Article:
Involving local communities in amphibian conservation: Taipei frog Rana taipehensis as an example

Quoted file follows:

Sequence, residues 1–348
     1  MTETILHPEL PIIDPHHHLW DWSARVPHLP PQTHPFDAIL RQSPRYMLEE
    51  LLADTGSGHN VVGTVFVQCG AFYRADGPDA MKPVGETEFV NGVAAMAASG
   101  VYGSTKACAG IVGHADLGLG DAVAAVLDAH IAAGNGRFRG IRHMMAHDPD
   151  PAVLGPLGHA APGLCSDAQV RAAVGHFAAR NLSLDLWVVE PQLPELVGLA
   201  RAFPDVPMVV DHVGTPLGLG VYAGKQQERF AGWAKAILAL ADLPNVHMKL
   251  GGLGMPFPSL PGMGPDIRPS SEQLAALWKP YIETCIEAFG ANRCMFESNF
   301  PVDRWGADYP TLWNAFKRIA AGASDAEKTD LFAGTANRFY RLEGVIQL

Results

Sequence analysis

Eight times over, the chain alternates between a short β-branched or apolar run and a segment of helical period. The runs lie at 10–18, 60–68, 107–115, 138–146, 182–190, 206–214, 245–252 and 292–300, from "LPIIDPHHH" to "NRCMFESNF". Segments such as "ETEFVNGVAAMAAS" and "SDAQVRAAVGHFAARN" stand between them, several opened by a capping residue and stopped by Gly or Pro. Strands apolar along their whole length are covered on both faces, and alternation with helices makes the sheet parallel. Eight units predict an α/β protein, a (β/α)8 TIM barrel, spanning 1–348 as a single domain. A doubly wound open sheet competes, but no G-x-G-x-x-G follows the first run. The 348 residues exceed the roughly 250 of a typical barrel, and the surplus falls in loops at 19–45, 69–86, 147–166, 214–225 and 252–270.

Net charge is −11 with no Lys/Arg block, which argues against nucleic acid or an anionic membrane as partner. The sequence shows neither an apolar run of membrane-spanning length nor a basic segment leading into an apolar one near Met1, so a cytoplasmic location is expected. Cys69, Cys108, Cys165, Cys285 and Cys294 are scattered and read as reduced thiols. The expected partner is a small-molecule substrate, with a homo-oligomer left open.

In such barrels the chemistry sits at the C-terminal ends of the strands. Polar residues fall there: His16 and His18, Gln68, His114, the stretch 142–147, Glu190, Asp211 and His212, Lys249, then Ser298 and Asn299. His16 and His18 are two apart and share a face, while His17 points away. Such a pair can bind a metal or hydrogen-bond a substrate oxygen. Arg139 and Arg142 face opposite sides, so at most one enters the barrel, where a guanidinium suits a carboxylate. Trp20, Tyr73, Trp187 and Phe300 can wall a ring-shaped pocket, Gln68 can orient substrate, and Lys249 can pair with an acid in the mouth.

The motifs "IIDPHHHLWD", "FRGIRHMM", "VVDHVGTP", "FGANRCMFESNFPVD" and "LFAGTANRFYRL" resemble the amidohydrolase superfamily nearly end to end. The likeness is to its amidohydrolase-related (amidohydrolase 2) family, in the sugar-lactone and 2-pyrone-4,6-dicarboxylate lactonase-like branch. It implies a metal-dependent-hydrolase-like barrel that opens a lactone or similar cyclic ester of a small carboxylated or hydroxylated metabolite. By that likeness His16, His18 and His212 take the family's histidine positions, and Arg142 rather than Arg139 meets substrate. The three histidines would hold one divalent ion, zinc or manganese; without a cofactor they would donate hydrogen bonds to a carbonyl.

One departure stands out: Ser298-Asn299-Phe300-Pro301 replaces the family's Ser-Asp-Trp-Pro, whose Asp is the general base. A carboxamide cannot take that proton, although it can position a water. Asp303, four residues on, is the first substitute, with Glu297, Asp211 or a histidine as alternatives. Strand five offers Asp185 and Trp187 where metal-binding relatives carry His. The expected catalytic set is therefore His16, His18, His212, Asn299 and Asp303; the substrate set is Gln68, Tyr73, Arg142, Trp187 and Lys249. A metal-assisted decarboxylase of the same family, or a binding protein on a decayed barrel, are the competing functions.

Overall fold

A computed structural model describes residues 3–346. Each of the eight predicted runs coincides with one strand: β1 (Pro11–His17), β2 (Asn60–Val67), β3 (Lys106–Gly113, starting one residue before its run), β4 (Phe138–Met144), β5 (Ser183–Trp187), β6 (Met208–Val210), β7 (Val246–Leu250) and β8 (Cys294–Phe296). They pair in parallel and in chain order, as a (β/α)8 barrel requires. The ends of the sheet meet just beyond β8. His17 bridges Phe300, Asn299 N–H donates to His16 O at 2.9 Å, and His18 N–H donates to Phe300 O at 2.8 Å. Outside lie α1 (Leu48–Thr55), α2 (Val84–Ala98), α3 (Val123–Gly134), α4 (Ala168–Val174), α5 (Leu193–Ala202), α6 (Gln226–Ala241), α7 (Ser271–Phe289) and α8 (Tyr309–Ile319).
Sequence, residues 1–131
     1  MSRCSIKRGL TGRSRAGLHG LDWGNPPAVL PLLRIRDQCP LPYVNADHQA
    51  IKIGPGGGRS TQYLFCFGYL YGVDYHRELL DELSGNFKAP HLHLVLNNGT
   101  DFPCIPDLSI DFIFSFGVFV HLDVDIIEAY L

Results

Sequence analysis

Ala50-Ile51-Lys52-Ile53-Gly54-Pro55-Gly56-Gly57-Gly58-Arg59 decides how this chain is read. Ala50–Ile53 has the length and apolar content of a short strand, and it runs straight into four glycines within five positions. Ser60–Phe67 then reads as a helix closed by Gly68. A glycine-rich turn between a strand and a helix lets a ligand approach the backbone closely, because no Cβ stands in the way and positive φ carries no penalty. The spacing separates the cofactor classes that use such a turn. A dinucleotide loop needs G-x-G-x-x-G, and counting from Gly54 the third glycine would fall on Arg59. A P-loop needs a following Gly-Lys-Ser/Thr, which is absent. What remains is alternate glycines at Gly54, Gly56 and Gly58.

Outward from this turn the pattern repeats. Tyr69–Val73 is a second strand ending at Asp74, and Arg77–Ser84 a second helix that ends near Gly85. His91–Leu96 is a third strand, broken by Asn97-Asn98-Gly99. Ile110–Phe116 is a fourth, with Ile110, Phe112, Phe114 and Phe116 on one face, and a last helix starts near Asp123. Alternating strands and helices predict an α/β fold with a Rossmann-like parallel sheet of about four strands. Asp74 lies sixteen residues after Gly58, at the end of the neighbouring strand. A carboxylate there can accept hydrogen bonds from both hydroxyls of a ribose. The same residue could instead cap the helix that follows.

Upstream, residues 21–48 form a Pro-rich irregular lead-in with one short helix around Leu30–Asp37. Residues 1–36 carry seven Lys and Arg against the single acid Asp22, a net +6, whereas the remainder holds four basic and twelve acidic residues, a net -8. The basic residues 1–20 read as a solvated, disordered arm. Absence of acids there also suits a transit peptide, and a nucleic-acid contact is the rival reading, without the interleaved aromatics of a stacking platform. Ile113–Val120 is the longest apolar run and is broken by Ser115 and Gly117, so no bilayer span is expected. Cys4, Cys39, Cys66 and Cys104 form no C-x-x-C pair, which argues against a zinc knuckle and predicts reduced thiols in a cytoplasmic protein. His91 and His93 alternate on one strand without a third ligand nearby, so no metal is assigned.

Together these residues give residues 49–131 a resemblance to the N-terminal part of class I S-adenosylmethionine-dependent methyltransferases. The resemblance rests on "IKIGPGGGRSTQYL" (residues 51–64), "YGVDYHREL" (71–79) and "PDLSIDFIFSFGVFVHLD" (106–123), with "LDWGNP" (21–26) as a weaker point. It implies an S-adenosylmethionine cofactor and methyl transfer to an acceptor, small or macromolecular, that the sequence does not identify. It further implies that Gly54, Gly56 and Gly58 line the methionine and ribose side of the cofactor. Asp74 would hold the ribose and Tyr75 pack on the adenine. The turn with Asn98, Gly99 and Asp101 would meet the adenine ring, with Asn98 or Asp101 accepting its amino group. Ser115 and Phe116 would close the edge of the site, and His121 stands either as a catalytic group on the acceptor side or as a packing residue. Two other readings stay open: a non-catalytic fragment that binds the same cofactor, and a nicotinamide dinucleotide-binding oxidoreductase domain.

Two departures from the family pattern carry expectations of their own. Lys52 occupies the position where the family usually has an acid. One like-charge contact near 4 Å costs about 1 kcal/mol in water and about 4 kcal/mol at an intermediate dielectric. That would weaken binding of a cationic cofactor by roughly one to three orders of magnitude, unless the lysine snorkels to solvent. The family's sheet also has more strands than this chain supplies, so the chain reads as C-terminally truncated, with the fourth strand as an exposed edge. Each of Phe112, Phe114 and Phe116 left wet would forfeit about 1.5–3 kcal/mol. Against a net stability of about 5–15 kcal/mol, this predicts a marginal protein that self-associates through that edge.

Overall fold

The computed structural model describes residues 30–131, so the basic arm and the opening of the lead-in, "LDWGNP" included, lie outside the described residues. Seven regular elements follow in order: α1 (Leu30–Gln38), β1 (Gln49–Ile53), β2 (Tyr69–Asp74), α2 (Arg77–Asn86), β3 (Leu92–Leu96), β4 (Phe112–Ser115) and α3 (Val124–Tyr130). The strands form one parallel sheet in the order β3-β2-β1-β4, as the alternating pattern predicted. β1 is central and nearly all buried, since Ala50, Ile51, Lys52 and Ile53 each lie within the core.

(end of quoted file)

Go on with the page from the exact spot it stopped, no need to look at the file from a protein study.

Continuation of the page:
Farmland is an important habitat for many amphibians. However, the widespread and prolonged use of agro-chemicals creates predictable difficulties and limitations for the conservation of agrobiodiversity. Farmland is an ecosystem in which human forces are greatly involved; therefore, conservation of natural resources in agricultural ecosystems must also relate to the existence of humans in order to achieve its goal. The Taipei frog Rana taipehensis has become a seriously threatened species in Taiwan because of wetland destruction and extensive use of agro-chemicals on farmland. Nowadays, the species can only be found in Taipei, Taoyuan, Tainan and Pingtung Counties. Since 1999, Taipei Zoo has been surveying the distribution of Taipei frogs in Sanzhi, a small town in northern Taiwan. Taipei Zoo has adopted a two-pronged approach to its conservation project. Aside from collecting ecological data on Taipei frog populations, we also cooperated with a local school and the Tse-Xing Organic Agriculture Foundation (TXOAF) to carry out habitat-improvement work and community-education programmes about wetland conservation. We persuaded and assisted a farmer to halt his use of pesticides and eventually adopt organic-farming practices because his farm was located right in the centre of the Taipei frog's breeding habitat and our sampling area. We also helped the farmer to sell his organically grown water lilies to TXOAF in order to provide a long-term and stable income. From October 2002, the farmer stopped using agro-chemicals on his fields. Beginning in 2003, when the population of Taipei frogs was apparently increasing, the farmer also became a follower of an organic lifestyle and is proud of the Taipei frogs on his land.